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Doing Your Own Wedding Makeup? Celebrity Makeup Artist Pati Dubroff Shares Her Best Tips

These DIY red-carpet makeup tips will ensure you look and feel your best when you walk down the aisle.

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Photography by: Kim Stockwell

If you've decided to do your own makeup for your wedding day, we found a huge resource for you in Pati Dubroff, a makeup artist who helps celebs like Margot Robbie and Priyanka Chopra look like the best versions of themselves on the red carpet. To help you look comfortable and gorgeous on your wedding day, she's sharing ten tips you need know in order to nail your beauty look. But first thing's first: Dubroff urges brides to remember that a special event doesn't necessarily call for more makeup overall. "What I notice is that people think, 'Oh, a big event,' and they end up painting themselves with too much makeup," she says. "They don't end up looking like themselves. Yes, a wedding is a special event, so you may want to wear more than your everyday makeup, but it's specific areas that need attention."

 

Here, she expands on that thought and shares her top tips for applying flawless wedding-day makeup.

 

Related: Tips to Touch Up Your Wedding Makeup Like a Pro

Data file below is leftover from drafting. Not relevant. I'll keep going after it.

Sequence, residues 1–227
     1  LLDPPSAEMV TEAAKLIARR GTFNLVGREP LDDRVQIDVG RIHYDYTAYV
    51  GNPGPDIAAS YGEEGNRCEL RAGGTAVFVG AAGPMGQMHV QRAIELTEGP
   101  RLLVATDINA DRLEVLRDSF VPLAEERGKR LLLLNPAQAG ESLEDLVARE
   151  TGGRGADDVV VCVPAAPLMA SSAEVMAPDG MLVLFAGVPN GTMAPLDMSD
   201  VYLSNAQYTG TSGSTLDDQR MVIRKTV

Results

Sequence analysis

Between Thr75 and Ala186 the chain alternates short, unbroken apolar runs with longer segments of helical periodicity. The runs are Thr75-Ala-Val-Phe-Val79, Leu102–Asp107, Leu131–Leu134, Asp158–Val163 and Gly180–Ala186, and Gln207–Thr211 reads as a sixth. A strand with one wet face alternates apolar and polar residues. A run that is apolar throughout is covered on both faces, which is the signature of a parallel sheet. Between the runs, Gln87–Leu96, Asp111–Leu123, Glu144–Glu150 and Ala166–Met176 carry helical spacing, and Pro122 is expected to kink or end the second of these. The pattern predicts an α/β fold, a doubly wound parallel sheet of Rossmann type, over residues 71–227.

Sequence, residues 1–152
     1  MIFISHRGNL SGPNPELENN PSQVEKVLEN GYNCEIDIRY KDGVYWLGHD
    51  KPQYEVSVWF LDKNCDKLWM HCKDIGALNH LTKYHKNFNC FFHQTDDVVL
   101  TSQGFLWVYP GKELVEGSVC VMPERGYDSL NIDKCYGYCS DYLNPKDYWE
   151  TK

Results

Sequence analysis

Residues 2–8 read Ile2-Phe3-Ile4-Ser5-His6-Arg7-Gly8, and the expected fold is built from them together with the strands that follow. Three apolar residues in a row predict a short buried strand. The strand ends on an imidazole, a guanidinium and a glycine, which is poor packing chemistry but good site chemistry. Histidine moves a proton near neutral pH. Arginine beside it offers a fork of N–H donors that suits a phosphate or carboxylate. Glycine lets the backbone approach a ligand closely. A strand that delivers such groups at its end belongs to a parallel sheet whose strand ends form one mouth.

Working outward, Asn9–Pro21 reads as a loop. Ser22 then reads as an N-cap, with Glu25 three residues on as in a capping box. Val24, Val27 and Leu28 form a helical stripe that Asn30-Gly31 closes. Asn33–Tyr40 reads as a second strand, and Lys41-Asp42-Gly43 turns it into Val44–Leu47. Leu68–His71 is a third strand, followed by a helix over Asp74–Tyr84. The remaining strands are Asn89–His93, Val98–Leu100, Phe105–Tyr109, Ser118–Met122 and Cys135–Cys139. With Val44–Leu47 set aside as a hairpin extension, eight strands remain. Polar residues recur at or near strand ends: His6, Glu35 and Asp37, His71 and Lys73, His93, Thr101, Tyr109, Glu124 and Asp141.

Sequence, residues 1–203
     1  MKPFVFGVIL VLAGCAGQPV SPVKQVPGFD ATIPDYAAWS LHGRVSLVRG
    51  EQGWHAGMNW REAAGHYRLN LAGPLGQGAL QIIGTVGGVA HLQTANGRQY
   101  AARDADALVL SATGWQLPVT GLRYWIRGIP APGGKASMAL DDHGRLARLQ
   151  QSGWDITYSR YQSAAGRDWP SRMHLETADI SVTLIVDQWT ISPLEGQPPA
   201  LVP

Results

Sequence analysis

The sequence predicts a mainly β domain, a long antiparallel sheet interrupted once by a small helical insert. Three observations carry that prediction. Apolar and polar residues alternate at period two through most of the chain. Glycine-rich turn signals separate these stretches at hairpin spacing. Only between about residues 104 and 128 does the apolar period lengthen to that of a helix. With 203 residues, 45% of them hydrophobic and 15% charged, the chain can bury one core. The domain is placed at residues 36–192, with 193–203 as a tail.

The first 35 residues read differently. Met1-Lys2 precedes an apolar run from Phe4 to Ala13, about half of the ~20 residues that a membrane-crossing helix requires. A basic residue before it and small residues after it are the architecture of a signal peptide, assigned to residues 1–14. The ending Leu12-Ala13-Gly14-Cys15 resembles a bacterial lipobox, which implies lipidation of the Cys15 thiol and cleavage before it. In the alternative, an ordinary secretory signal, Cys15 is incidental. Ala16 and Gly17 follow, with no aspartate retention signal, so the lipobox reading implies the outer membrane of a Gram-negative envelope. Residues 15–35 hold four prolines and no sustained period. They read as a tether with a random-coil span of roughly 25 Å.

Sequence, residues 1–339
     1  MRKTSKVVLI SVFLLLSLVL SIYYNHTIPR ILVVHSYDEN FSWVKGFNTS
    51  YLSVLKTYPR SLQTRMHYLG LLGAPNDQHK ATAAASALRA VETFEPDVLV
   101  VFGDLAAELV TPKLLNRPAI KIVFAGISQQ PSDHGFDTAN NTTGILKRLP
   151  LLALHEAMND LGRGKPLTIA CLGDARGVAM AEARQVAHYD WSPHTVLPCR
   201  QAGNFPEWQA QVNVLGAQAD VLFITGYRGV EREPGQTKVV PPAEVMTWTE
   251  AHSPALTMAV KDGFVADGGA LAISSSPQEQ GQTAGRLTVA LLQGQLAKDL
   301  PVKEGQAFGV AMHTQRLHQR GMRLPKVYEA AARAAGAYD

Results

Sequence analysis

Think about longevity.

"Sometimes people just pack on makeup and hope it will stay, but it doesn't work like that," Dubroff says. Instead, she suggests using primers throughout the center of the face so not as much powder is needed. "It helps where you need coverage most, which is in the middle of the face, generally, but it also mattifies." Layering different textures of makeup can also help with longevity. "I really like to use cream eye shadows as a base to even out the lids. Eye-shadow primers can sometimes make the eye makeup look muddy, so I use cream shadows as primer and then layer a little powder on top." (Her favorites are Chantecaille Mermaid Eye Color in Bone and Taupe.) "Same goes for blush—layering textures adds staying power. You don't want to look like a clown, but you want a rosiness that will register and not get bleached out if your photographer uses the flash."

 

Don't go overboard on moisturizer or eye cream.

"Another mistake I see is people putting on too much moisturizer before makeup application," Dubroff says. "Yes, moisturizing is important, but you don't want a lot of moisturizer in the T-zone because you'll need a lot of powder on top to counteract the shine. Same goes for around the eyes—it won't help your eye makeup stay put." Instead, focus moisturizer around the perimeter of the face and avoid excess at the center of the face. To ensure you're getting enough hydration, try a mask a few hours prior to makeup application. Dubroff's favorites are by 111Skin and Joanna Vargas.

 

Keep your eyes open and bright. (Unless a smoky eye is your trademark.)

"Lots of dark eye makeup can make eyes look smaller instead of accentuating them," Dubroff says. "Choose soft colors that even out the tone of the lid and help shape the eye," she says, adding that the center of the eyelid should have a little spot of light on it, which can be done by adding a pop of iridescent shadow.

 

Before deciding upon your wedding makeup, take into account your venue.